Frank feels Mary’s pain and wants her love or approval; he desperately is in need of a woman to comfort him, just like she needs his moral support– he looks like a priest to her. We know very little about Frank’s personal life except what little he tells us in the voiceover about his divorce, but he doesn’t tell us why his wife left him, nor do we see where he lives, or who his friends are, or what his interests are other than the job, which seems to be his whole life. The few times we see him out of uniform in civilian clothes, he looks ordinary. In uniform he looks like a God.
Frank’s second partner is the hilarious loud-mouth, Marcus (Ving Rhames), who is a mixture of playboy, gin drinking rogue and Jesus fanatic, with a devastating sense of humor. Marcus’ hope is that God will see to it that he gets through the night. Their night out results in them treating a drug overdosed punk rocker who took a deadly new drug on the scene called “Red Poison” and of Marcus speeding recklessly to another call, which results in the ambulance overturning, leaving them both with minor injuries and lots of nervous laughter over their narrow escape from death.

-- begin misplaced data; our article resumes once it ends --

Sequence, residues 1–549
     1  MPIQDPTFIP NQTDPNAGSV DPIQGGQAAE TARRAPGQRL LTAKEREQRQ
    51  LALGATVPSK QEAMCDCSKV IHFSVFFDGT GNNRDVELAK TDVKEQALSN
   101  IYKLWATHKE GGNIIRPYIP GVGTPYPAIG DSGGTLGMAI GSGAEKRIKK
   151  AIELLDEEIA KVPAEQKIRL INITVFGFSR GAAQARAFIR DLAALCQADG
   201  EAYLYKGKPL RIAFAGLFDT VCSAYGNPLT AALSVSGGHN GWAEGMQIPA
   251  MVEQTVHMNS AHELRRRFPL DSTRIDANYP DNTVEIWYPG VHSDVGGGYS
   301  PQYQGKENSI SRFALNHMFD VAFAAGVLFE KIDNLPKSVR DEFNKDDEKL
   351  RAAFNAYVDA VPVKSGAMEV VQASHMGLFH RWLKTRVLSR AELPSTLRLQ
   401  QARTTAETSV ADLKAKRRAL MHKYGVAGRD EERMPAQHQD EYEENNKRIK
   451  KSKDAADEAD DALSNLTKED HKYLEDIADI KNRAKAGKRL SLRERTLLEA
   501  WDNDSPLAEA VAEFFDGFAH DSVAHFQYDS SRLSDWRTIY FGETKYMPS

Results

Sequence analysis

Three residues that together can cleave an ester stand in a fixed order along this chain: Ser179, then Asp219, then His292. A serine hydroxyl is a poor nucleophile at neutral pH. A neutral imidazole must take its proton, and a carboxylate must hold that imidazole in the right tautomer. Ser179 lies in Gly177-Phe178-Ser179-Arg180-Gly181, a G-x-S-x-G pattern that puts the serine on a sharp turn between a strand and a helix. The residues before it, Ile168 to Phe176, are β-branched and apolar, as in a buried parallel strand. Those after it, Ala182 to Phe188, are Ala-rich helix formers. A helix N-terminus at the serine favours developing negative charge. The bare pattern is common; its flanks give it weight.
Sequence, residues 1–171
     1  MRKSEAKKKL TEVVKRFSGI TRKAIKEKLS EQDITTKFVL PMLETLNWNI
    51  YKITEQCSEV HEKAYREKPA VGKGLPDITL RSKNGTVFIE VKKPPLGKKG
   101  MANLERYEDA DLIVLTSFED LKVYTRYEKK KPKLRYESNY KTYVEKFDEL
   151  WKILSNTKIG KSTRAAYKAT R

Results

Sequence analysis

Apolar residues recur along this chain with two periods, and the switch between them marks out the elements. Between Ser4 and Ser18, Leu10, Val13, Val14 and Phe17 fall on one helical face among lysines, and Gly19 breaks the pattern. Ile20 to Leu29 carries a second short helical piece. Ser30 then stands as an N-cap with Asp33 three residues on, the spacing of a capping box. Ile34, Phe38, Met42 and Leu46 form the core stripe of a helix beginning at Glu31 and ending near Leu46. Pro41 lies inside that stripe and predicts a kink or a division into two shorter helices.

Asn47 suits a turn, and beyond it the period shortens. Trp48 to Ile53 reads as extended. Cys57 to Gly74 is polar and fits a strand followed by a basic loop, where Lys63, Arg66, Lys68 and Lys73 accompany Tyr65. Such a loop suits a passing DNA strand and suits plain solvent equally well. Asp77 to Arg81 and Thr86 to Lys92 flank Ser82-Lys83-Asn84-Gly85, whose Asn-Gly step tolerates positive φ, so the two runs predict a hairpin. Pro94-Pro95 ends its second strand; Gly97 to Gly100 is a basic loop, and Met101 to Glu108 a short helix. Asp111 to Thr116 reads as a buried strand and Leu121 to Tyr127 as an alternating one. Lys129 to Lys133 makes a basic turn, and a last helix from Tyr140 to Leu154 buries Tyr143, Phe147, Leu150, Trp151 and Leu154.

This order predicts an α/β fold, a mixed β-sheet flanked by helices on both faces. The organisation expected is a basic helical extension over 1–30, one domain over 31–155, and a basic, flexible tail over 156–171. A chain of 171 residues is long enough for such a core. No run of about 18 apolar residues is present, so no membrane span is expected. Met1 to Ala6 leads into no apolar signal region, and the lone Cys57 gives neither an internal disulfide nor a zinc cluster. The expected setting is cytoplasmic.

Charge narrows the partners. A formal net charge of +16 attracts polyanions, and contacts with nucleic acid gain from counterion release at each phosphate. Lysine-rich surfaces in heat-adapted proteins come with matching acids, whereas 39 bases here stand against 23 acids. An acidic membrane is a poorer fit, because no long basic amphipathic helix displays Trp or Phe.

The partners seem to be getting more intense with each night-shift as the third driver, Tom (Sizemore), points out that the full moon is out and it is Saturday, as he gleefully rubs his hands together expecting plenty of action. Tom is the forceful type; he likes to take matters into his own hands. On his shift the two most memorable things that happen are a drug shoot-out in an apartment building where one victim is dying from gunshot wounds and the other is impaled on the terrace gate (Cliff Curtis), as he jumped from the 16th floor to the 14th to escape his fate. As a coincidence the victim gave Frank some kind of a stress relieving pill the previous night, which Frank took in a moment of weakness as he followed Mary to this drug pad. Frank was concerned that she couldn’t handle the strain any longer of learning about her father’s death, especially when she wasn’t able to put a closure on their stormy relationship by having one last chance to talk to him (she hasn’t even seen her father for the last three years due to an argument). Her father is someone whom Frank actually saved and the hospital might have been able to keep him alive, but Frank thought he heard the man’s voice telling him he didn’t want to live anymore, and so he failed to give him the necessary shocks to keep him alive. The other major incident on this shift was the violent reaction of Tom to the deranged Noel (Marc Anthony), who is completely wasted on drugs and is known to the paramedics as a very troubled man. Noel should have been placed in a mental institution if this was a civilized city, but who now wanders the street taking a baseball bat and knocking out car windows with it. Tom’s way of handling him is to teach him a lesson with a beating, while Frank’s approach is to identify with his insanity and try to communicate as best he can with him.